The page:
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News-Sentinel.com Your Town. Your Voice.

Etiquette column: Emoji, emoticons can enhance some communications, but overuse can leave someone :(

Karen Hickman (Courtesy photo)
Karen Hickman (Courtesy photo)
Copyright 2014 The Associated Press. All rights reserved. This material may not be published, broadcast, rewritten or redistributed.The Associated Press

In a business setting, use them sparingly and only after building a friendship with the recipient.

Friday, September 08, 2017 12:01 am

Q: I receive a lot of business emails these days that are filled with exclamation points, emoticons and emoji. It seems that some people overuse this form of communication. Is it OK to add them in a business email or text? If so, what should we consider before adding them.

A: No question about it, emoji and emoticons are everywhere these days. They're even making movies about them. While I think emoticons and emoji can be a quick and easy way to add a sentiment to an email or text that otherwise can be somewhat emotionless, caution should be observed when using them in business transactions.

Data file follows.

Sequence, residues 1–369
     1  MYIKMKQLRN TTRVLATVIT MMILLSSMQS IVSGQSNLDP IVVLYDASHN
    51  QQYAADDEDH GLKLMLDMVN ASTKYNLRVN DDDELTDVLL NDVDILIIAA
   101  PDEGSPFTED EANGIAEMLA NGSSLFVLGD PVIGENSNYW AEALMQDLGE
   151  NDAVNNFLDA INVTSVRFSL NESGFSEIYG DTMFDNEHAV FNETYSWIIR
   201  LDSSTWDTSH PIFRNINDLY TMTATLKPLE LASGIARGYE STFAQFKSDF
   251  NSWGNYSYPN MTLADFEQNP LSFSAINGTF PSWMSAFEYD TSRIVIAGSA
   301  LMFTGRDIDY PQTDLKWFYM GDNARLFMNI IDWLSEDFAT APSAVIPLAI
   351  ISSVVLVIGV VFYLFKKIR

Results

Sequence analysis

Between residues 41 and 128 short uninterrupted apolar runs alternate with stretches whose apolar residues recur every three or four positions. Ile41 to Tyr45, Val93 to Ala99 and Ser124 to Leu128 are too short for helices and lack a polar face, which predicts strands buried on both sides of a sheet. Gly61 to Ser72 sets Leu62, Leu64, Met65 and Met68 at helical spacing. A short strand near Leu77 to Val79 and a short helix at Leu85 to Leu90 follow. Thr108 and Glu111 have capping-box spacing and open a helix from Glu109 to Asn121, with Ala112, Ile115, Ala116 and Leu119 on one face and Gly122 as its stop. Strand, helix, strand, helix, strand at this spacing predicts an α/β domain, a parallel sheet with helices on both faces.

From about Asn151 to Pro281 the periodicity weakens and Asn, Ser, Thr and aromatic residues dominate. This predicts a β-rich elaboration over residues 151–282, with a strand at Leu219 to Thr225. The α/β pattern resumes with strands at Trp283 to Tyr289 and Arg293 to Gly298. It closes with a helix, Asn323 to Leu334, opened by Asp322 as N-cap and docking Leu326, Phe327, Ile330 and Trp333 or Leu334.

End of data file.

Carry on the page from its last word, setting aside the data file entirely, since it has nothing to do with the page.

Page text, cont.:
Here are some guidelines to consider:

* Avoid using emoji and emoticons in business emails and texts until you have established some sort of relationship with the individual. Using them in an initial communication can make you seem unprofessional and juvenile.

* If you have established a relationship/friendship with a business contact, feel free to use them sparingly. Too much of a good thing can be too much and may not have the intended effect.

* Don't use emoji in communications with your boss until he or she uses them first.

* Use of emoji and emoticons should fit the nature of your communication. Avoid adding them in messages of a serious nature or something that will become a permanent document.

* Make sure you understand the meaning of the emoji your are sending. Using the wrong one for certain situations can backfire on you. When in doubt, don't use one.

* Don't overuse exclamation points. Think back to grammar 101, and use them accordingly. Too many exclamation points can be overkill.

* The benefit of using the small pictures is they can enhance your intended meaning. Remember what they say about a picture being worth a thousand words. Using them can add emotion to an otherwise emotionless message.

* Think of this form of communication as the modern-day hieroglyphics.

Karen Hickman is a local certified etiquette/protocol consultant and owner of Professional Courtesy. Email questions to features@news-sentinel.com.


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